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Buttered Side Down Edna Ferber

The Kitchen Side Of The Door

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An unusual note of color crept into Miss Gussie Fink's smooth cheek. It deepened and glowed as Heiny darted around the corner and up to the bar. There was about him an air of suppressed excitement -- suppressed, because Heiny was too perfect a waiter to display emotion.

"Not another!" chanted the bartenders, in chorus.

"Yes," answered Henri, solemnly, and waited while the wine cellar was made to relinquish another rare jewel.

"O, you Heiny!" called Miss Sweeney, "tell us what she looks like. If I had time I'd take a peek myself. From what Tony says she must look something like Maxine Elliot, only brighter."

Henri turned. He saw Miss Fink. A curious little expression came into his eyes--a Heiny look, it might have been called, as he regarded his erstwhile sweetheart's unruffled attire, and clear skin, and steady eye and glossy hair. She was looking past him in that baffling, maddening way that angry women have. Some of Henri's poise seemed to desert him in that moment. He appeared a shade less debonair as he received the precious bottle from the wine man's hands. He made for Miss Fink's desk and stood watching her while she checked his order. At the door he turned and looked over his shoulder at Miss Sweeney.

"Some time," he said, deliberately, "when there's no ladies around, I'll tell you what I think she looks like."

And the little glow of color in Miss Gussic Fink's smooth cheek became a crimson flood that swept from brow to throat.

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"Oh, well," snickered Miss Sweeney, to hide her own discomfiture, "this is little Heiny's first New Year's Eve in the dining-room. Honest, I b'lieve he's shocked. He don't realize that celebratin' New Year's Eve is like eatin' oranges. You got to let go your dignity t' really enjoy 'em."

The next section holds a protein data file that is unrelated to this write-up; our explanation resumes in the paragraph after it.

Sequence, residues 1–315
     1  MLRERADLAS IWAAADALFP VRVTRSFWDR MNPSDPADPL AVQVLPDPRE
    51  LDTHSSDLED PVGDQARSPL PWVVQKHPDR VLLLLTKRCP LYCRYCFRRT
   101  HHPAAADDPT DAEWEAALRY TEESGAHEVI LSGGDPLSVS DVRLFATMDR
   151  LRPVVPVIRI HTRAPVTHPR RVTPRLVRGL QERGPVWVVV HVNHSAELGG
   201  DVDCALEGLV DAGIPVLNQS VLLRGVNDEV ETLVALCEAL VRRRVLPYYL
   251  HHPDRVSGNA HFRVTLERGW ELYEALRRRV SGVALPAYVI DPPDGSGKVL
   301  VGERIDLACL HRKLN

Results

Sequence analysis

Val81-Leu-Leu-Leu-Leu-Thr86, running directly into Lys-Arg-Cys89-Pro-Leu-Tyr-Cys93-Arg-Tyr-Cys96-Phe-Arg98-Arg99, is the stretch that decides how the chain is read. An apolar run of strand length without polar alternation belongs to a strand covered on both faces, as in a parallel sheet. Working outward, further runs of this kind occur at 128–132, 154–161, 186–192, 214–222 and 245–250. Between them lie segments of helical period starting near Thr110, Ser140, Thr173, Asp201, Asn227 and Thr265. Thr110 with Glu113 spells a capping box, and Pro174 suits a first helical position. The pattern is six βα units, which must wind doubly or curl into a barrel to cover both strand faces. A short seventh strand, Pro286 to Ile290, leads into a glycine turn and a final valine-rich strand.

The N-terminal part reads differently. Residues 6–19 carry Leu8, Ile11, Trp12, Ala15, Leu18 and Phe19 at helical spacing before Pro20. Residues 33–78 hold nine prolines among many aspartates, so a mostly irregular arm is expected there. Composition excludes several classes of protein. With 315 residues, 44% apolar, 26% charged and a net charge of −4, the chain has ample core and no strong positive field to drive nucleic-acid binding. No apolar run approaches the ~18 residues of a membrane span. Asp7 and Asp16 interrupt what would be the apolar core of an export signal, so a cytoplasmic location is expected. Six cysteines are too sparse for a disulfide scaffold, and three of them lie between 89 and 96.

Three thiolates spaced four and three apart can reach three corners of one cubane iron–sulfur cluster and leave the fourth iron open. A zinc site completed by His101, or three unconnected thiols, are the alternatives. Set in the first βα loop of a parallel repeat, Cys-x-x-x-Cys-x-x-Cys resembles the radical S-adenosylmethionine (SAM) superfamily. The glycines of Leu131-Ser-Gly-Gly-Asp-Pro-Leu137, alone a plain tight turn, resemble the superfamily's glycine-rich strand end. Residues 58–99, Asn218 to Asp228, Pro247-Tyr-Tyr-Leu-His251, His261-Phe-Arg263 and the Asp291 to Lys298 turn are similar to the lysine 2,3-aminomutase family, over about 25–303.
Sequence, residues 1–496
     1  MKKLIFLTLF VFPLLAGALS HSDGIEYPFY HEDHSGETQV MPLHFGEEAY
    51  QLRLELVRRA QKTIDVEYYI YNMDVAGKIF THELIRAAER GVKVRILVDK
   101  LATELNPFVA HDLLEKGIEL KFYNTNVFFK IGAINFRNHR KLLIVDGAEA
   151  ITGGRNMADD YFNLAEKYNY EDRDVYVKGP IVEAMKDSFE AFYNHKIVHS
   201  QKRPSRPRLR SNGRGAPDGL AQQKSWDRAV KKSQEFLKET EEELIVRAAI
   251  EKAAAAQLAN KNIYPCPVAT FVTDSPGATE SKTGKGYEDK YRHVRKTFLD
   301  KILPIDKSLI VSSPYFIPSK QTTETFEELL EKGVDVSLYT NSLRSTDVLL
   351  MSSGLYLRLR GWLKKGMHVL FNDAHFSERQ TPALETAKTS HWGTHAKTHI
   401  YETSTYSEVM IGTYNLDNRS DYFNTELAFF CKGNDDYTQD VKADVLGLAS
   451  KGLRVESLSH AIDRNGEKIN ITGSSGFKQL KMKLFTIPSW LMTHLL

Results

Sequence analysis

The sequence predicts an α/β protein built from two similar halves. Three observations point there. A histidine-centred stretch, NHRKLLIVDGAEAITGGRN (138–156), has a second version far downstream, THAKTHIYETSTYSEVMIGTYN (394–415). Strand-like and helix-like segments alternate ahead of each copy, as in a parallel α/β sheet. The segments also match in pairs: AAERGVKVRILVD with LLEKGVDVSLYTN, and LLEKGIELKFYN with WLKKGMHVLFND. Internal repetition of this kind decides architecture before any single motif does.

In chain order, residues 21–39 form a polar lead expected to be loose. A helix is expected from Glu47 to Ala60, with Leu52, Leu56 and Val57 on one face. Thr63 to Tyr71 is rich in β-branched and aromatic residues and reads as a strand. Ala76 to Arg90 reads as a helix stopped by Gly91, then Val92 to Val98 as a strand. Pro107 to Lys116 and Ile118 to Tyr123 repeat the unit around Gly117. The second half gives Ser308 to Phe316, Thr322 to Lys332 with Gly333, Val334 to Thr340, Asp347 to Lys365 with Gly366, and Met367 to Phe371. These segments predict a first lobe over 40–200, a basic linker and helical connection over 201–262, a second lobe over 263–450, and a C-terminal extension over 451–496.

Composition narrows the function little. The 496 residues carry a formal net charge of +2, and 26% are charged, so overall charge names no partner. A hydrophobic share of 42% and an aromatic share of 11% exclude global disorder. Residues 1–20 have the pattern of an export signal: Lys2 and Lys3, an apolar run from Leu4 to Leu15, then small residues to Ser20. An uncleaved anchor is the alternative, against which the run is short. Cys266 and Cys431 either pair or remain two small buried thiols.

Three times more did Henri enter and demand a bottle of the famous vintage, and each time he seemed a shade less buoyant. His elation diminished as his tips grew greater until, as he drew up at the bar at six o'clock, he seemed wrapped in impenetrable gloom.

"Them hawgs sousin' yet?" shrilled Miss Sweeney. She and Miss Fink had climbed down from their high stools, and were preparing to leave. Henri nodded, drearily, and disappeared in the direction of the Pink Fountain Room.

Miss Fink walked back to her own desk in the corner near the dining-room door. She took her hat off the hook, and stood regarding it, thoughtfully. Then, with a little air of decision, she turned and walked swiftly down the passageway that separated dining-room from kitchen. Tillie, the scrub-woman, was down on her hands and knees in one corner of the passage. She was one of a small army of cleaners that had begun the work of clearing away the debris of the long night's revel. Miss Fink lifted her neat skirts high as she tip-toed through the little soapy pool that followed in the wake of Tillie, the scrub-woman. She opened the swinging doors a cautious little crack and peered in. What she saw was not pretty. If the words sordid and bacchanalian had been part of Miss Fink's vocabulary they would have risen to her lips then. The crowd had gone. The great room contained not more than half a dozen people. Confetti littered the floor. Here and there a napkin, crushed and bedraggled into an unrecognizable ball, lay under a table. From an overturned bottle the dregs were dripping drearily. The air was stale, stifling, poisonous.

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Buttered Side Down
Edna Ferber

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